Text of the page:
The Salvadorian government presented ICSID with a six-page document outlining what it describes as flagrant violations of World Bank policy last week, after the panel had determined that the case would be allowed to proceed in spite of vociferous objections. The government also charges that Pacific Rim is acting in violation of the 1996 El Salvador Mines Law, which stipulates certain prerequisites for the granting of mining concessions in the country.
Pacific Rim’s President and CEO, Tom Shrake, said that the company was “very pleased” with ICSID’s decision to allow the case to proceed. “This is a positive and crucial step in the CAFTA process for Pac Rim. We are, however, reticent to celebrate as we believe a more productive outcome is possible for both the Salvadoran people and foreign investors. With this phase of the arbitration now completed, we hope to resume a mutually beneficial dialogue with the Government of El Salvador to resolve the impasse on the El Dorado project”, he added.
The Salvadorian National Committee against Mining (Mesa Nacional frente a la Minería), however, decried the ICSID ruling, saying that it sets a “terrible precedent” in terms of national sovereignty and the right of a country “to reject projects that are environmentally or socially unfeasible”. The committee has called on Funes’ government to join forces with groups opposed to the World Bank’s ruling, with activist Manuel Fuentes saying that by allying with such organisations the government can “strengthen its defensive strategy”.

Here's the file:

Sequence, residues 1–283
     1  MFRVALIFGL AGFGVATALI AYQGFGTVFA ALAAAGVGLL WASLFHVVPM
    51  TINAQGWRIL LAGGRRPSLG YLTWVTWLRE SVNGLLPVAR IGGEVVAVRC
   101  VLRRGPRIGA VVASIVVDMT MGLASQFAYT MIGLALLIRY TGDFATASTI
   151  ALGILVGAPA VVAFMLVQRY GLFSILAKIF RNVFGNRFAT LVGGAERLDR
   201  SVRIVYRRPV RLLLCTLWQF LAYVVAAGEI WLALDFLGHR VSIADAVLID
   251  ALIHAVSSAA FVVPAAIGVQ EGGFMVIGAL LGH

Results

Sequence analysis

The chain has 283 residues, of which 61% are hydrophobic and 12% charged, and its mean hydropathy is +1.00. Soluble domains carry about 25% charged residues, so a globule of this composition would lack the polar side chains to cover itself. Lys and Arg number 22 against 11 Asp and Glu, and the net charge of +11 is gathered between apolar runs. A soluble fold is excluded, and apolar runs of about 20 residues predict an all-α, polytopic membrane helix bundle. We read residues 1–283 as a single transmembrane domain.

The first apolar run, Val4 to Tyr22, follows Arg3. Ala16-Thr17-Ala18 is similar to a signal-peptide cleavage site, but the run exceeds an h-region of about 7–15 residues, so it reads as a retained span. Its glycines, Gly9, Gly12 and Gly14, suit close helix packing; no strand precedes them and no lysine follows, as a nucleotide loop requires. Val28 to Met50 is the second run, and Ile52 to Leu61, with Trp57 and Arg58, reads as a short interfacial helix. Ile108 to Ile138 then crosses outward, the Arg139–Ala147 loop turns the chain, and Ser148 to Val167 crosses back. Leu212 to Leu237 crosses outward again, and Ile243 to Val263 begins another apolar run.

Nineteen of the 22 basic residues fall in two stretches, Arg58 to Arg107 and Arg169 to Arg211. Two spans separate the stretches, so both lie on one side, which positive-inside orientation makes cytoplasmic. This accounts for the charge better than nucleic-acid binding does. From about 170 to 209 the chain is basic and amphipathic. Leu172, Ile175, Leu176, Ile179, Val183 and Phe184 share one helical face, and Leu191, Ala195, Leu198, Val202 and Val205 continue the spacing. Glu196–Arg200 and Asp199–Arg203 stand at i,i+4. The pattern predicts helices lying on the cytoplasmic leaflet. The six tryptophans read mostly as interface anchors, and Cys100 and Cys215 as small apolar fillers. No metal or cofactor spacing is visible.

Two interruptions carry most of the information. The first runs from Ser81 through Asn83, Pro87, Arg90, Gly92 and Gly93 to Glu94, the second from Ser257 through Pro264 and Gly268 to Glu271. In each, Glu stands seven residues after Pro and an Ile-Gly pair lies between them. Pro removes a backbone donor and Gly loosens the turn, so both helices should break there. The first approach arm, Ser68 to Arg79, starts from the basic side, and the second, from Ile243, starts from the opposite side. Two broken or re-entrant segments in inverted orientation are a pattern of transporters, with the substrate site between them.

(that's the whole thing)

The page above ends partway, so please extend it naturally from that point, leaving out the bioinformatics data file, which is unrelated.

Furthermore, there have been calls from activists in El Salvador for the government to pass legislation prohibiting outright the mining of metals in the country, to withdraw from the Central American Free Trade Agreement with immediate effect, and to rule out the possibility of signing bilateral trade accords with Canada.
Neoliberal ‘free trade’ agreements such as CAFTA and its counterpart NAFTA – the North American Free Trade Agreement, which encompasses Canada, Mexico and the United States – have come under intensifying scrutiny in recent years, as many have pointed out that they actively erode national sovereignty and pit member states’ economies against one another in what has been dubbed the “race to the bottom” by some economists.